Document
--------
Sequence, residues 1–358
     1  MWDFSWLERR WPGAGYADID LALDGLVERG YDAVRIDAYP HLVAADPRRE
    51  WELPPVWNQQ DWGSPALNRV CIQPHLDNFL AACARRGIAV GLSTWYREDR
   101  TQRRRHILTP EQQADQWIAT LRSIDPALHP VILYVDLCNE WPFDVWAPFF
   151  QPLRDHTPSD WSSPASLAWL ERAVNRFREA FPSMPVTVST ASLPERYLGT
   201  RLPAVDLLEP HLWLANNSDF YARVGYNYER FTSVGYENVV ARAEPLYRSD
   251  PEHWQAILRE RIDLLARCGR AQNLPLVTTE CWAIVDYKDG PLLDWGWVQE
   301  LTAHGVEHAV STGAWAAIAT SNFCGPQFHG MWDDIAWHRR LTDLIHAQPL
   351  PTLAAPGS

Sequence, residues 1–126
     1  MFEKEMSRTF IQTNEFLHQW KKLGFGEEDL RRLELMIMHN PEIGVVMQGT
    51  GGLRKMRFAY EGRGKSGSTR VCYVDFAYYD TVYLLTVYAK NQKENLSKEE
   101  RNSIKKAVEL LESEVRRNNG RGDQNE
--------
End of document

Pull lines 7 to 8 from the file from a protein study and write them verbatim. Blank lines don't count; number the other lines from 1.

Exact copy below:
   251  PEHWQAILRE RIDLLARCGR AQNLPLVTTE CWAIVDYKDG PLLDWGWVQE
   301  LTAHGVEHAV STGAWAAIAT SNFCGPQFHG MWDDIAWHRR LTDLIHAQPL